Two possible arrangements of the photocatalyst bonded to the polymer matrix are proposed: (i) a photocatalyst pending from the PAA chain (Figure 7c) and (ii) a cross-linked–like structure, where the photocatalyst is the bridge between two PAA chains.

Environmental SEM chamber allow us for first time to obtain images of 3D network of cross-linked PAA under low vacuum that gives us a time-window of approximately 30 minutes for the analysis before dehydration (Figure 7b). SEM-EDX confirms the homogeneous dispersion of photocatalyst within the PAA matrix on 8%Ag/ZnO-PAA composites. The swelling capacity of the composite increases with photocatalyst content (5–13 wt.%) due to the high hydrophilicity of Ag/ZnO (Figure 7d). In addition, the composite photostability after 16 h of UV (365 nm) exposure was corroborated by FTIR and TGA analysis.

This enhanced photochemical stability has the potential of use as resistant composite packing material for continuous treatment of water under UV irradiation. This last aspect was first tested in batch experiments toward the degradation of bisphenol-A. Thus, Figure 7g shows the time evolution of the bisphenol-A photodegradation under visible light (>450 nm, 8 uW/cm2, 8 W Hampton Bay lamp, home-made reactor in Figure 7f) at 50°C. On the other hand, 47% of the initial concentration of 10 mg/L is degraded within 7 h by 8%Ag/ZnO-PAA composite, it represents a decrease of 50% compared with Ag/ZnO-GLYMO. The composite was reused in a second consecutive cycle without washing that results in an improvement of 40% compared with the first cycle. It is necessary to highlight that the sorption of bisphenol-A in dark conditions was not important; therefore, regeneration of the composite is not necessary in continuous water treatments. Ag/ZnO-PAA composites like those synthesized in this study are less sensitive to saturation compared to zeolites and carbon materials.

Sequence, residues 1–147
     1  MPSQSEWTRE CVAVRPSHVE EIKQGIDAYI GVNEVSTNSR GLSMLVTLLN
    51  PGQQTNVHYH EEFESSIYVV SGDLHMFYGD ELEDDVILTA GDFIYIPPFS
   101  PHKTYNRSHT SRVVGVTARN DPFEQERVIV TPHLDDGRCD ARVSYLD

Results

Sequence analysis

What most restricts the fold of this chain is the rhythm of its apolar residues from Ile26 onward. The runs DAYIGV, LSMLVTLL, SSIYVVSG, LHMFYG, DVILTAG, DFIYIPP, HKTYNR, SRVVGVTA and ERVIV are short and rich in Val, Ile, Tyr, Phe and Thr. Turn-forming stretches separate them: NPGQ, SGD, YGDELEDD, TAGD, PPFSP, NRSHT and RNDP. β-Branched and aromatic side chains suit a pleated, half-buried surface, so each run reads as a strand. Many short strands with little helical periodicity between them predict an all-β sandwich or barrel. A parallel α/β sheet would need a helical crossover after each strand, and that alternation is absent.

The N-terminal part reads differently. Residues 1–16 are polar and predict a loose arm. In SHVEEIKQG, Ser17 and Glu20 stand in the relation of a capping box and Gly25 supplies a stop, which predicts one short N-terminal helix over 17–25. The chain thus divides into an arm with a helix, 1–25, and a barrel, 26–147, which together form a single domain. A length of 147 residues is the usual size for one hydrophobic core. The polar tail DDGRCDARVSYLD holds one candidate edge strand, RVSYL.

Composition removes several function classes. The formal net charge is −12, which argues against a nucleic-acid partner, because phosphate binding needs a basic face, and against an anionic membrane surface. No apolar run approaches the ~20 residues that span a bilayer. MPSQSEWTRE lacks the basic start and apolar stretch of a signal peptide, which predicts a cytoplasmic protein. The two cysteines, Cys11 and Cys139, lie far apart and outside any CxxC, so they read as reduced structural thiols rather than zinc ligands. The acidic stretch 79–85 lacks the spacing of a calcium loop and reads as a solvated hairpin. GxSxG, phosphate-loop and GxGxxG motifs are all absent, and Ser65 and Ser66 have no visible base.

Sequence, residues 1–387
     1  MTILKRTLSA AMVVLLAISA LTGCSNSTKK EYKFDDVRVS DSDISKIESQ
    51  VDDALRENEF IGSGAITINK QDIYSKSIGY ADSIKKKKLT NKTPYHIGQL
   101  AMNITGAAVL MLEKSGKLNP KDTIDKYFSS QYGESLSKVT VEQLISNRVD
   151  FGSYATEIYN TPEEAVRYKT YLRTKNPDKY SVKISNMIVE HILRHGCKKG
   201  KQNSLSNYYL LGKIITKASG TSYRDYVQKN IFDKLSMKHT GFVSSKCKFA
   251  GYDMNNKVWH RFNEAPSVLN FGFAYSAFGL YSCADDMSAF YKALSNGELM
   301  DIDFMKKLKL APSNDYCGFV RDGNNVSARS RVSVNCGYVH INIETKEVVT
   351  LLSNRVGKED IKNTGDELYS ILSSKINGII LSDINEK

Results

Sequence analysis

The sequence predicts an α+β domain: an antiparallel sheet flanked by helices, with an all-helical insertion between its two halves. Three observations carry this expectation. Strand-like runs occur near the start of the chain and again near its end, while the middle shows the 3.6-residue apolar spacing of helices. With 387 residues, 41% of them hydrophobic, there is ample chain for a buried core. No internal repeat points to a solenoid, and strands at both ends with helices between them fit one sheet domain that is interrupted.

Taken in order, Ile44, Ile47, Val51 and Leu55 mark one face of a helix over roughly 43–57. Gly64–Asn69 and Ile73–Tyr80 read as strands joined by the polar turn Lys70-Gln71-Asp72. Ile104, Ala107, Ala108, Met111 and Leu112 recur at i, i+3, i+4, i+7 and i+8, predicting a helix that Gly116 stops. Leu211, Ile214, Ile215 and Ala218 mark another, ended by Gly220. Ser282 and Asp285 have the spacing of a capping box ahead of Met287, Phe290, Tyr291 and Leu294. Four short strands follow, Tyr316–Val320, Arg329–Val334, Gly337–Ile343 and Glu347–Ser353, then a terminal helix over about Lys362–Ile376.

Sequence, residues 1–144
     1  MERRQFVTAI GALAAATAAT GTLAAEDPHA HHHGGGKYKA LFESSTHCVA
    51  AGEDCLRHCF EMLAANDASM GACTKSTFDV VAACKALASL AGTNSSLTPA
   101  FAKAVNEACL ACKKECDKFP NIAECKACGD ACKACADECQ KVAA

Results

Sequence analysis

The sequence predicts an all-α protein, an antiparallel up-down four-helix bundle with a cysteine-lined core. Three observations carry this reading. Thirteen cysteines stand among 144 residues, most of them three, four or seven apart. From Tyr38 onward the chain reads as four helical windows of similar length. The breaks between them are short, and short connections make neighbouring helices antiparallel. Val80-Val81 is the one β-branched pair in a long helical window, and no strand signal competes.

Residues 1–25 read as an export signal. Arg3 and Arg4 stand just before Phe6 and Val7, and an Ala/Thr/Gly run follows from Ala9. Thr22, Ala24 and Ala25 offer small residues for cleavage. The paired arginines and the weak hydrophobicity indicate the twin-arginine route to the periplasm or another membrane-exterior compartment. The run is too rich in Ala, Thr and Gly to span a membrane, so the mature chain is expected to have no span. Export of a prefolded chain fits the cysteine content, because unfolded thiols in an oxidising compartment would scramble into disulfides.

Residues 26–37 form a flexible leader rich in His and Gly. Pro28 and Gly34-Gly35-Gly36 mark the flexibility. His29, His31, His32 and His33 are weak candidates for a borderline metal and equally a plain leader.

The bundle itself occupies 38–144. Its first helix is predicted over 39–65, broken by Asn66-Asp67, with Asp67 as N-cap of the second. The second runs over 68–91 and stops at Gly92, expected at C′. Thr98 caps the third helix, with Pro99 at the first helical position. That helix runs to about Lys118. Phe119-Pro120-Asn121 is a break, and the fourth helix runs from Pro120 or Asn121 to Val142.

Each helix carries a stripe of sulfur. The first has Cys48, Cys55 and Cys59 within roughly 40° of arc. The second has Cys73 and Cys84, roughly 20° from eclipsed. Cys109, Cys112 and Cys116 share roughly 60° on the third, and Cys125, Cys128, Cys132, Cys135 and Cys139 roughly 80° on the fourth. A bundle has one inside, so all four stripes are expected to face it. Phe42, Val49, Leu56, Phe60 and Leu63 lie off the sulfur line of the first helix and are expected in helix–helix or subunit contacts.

3. Bismuth oxychloride (BiOCl)

Bismuth oxyhalides BiOCl (X:Cl, Br, and I) are a new class of semiconductors that have recently attracted attentions in the photocatalytic process due to their relatively slow electron-hole recombination process. BiOXs are conformed by Bi3+, O2−, and halide (X) ions stacked in [X-Bi-O-Bi-X]n layers, giving a tetragonal structure with no linkers interactions with halide along the C axis as showed in Figure 8a, b. The photocatalytic activity is due to [Bi2O2] layers intercalated of double halogen atoms that allow a better separation of the electron-hole pairs. The bismuth oxychloride (BiOCl) is a solid inorganic compound, not toxic, of pearlescent white color and due its brightness has been used in the cosmetic industry. There is a record not greater than 500 articles reported in the Scopus database concerning the use of BiOCl, as photocatalyst; this review was realized in June 2018 (Figure 8c) and the first publications appeared in 2007 with a growing interest during the last years.